Monday, April 28, 2014

Birds at Baldpoint

On Saturday morning at the FSU Marine Lab, I attended a very informative presentation “Beach-Nesting Shorebirds: Florida’s Original Beach Babies” by Bonnie Samuelsen. The images below were taken in the Bald Point State Park after the presentation during a guided bird walk by Bonnie and Audubon Florida's Coastal Bird Tech, John Murphy. We also viewed American oyster catchers and marbled godwits through John's fine spotting scope.

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Brown pelican

Laughing gull

Red knots and short-billed dowitchers

You can almost hear this bird proclaiming
Willet, Willet, Willet, Willet!!!!

Short-billed dowitcher

Thursday, April 24, 2014

Wakulla's wondrous water world

The first seven images were taken on Monday, March 21 in the Wakulla Springs State Park. 

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Recent rainfall has caused increased an increase in flow out
of the caves. This image and the next three images were taken
at the bridge along the park drive next to Sally Ward Spring.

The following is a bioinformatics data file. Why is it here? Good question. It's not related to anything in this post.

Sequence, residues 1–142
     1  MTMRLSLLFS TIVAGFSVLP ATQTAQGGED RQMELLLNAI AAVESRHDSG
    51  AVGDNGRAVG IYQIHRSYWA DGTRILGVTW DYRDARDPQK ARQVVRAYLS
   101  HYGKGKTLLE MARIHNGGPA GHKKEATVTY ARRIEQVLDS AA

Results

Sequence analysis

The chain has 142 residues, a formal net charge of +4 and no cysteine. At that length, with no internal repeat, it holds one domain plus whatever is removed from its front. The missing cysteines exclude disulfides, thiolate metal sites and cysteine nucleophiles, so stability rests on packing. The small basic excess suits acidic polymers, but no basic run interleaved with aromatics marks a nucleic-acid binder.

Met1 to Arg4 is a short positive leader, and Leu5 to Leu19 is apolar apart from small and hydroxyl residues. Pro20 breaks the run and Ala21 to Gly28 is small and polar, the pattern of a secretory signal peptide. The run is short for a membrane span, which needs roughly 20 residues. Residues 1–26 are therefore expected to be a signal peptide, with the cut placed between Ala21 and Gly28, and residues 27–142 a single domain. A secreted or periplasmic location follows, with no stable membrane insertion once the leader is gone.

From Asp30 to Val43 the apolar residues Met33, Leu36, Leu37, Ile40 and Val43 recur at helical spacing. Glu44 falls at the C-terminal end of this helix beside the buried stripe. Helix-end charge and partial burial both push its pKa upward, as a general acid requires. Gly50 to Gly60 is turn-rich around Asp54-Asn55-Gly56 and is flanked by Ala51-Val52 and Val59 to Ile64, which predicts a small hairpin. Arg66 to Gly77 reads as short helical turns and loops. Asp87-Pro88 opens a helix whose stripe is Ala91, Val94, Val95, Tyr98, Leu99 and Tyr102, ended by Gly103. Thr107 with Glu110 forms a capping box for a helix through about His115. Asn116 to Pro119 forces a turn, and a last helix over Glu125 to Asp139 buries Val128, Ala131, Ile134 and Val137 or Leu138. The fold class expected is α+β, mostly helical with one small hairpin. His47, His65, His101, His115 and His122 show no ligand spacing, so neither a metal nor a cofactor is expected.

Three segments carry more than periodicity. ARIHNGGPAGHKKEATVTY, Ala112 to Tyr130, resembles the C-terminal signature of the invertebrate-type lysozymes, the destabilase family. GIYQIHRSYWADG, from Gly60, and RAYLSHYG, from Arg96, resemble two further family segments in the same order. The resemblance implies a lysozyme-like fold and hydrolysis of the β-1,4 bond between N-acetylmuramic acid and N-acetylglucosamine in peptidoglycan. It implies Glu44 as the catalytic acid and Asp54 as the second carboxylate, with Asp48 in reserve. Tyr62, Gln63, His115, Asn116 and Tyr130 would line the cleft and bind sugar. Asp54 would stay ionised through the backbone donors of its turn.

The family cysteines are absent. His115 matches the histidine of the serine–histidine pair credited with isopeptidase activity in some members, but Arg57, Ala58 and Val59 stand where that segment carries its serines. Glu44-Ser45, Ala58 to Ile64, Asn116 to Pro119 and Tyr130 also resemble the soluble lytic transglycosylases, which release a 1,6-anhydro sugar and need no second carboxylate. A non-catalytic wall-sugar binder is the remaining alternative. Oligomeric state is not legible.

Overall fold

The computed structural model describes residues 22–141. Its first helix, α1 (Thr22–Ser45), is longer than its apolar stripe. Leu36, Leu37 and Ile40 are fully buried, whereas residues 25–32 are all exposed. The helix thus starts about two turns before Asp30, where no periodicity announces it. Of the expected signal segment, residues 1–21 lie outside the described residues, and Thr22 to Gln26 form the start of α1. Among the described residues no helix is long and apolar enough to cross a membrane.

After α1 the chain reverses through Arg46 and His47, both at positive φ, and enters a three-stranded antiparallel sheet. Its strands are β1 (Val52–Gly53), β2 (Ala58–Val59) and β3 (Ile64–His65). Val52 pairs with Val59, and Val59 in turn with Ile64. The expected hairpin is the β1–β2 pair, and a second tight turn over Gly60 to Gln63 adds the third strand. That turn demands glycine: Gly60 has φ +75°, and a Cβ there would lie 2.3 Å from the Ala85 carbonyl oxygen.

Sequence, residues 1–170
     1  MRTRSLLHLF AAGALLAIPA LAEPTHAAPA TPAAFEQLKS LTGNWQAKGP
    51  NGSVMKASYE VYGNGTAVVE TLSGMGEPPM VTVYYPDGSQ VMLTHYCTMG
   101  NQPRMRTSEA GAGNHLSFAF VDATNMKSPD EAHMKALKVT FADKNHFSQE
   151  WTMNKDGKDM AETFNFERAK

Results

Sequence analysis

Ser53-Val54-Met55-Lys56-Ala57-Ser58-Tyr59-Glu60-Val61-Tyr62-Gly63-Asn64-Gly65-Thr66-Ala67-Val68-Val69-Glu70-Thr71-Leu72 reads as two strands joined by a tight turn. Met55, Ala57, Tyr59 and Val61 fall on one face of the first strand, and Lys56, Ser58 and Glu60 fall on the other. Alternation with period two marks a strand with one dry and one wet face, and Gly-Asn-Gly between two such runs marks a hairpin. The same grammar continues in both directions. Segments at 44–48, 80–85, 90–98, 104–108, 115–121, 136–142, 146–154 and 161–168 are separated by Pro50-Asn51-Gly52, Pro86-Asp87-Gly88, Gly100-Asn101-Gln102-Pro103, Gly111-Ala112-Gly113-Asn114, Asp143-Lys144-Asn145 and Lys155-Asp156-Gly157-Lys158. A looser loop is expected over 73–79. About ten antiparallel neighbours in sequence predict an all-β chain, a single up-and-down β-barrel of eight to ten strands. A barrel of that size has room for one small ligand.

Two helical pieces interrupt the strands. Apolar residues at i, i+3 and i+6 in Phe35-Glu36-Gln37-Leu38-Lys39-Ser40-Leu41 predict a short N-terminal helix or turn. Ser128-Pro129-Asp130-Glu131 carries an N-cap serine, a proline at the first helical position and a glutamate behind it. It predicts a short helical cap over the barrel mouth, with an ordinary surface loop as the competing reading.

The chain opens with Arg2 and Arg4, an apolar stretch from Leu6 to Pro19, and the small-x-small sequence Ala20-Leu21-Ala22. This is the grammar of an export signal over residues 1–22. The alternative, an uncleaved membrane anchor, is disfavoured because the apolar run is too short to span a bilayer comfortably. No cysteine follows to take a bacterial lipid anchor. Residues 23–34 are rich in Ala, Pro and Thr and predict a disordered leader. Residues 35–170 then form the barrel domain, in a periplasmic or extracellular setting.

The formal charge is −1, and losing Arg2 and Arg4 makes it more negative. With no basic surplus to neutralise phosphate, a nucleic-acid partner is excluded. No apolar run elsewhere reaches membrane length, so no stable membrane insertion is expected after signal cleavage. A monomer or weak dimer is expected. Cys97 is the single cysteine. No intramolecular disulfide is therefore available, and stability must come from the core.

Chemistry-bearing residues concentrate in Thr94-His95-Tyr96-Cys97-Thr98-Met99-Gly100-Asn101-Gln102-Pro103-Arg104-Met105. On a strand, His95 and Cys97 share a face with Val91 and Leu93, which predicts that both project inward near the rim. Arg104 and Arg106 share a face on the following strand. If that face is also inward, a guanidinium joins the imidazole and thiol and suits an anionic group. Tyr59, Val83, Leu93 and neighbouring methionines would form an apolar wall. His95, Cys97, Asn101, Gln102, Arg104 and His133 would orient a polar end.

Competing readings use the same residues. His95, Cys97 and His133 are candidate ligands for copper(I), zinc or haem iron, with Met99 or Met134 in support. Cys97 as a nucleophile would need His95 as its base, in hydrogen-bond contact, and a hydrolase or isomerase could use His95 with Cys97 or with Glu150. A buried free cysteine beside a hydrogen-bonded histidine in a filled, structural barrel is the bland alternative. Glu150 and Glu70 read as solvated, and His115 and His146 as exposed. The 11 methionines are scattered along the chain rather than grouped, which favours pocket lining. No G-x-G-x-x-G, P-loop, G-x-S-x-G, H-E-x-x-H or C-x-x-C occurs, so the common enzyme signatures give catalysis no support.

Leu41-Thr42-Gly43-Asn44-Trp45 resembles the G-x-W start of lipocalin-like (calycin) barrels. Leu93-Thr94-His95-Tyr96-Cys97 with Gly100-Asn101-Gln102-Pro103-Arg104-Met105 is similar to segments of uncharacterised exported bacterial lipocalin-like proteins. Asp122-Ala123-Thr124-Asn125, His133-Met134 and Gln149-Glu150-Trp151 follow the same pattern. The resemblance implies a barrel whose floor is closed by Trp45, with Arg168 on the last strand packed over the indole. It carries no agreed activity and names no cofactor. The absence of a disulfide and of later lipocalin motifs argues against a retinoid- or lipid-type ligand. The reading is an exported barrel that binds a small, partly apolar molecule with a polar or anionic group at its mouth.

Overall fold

During high water, the flow goes from the Indian Springs area
to Sally Ward on the way to the Wakulla River.

The next five images were taken the same day at the cypress dome along the park drive.
Virginia creeper

Netted chain fern

Royal fern

Royal fern reflected in the water
 The next three photos were taken this morning, Thursday, March 24 east of Highway 98, between Medart and Panacea in the St. Marks National Wildlife Refuge. This is my first visit to a small pond in a pine forest a short walk from the highway.

These final four images, also taken this morning are in the woodland adjacent to the pond.

Sunday, April 20, 2014

April Wildflowers

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St. Marks Refuge Road 105, east of East River Pool

Bull thistle
St. Marks Refuge Road 105, east of East River Pool

Blue-eyed grass
St. Marks Refuge Road 105, east of East River Pool

St. Marks Refuge Road 105, east of East River Pool

Orange milkwort
St. Marks Refuge Road 407, west of Surf Road

St. Marks Refuge Road 407, west of Surf Road

Wild azalea
St. Marks Refuge, Surf Road at Buckhorn Creek bridge

Blue flag iris
St. Marks Refuge, Light House Road

Blue flag iris
St. Marks Refuge, Light House Road

Blue flag iris
St. Marks Refuge, Light House Road

Crow poison
St. Marks Refuge road 406, west of Surf Road

St. Marks Refuge road 406, west of Surf Road

Grass pink orchid
St. Marks Refuge road 406, west of Surf Road

Wednesday, April 9, 2014

Amazon Rainforest Vacation in March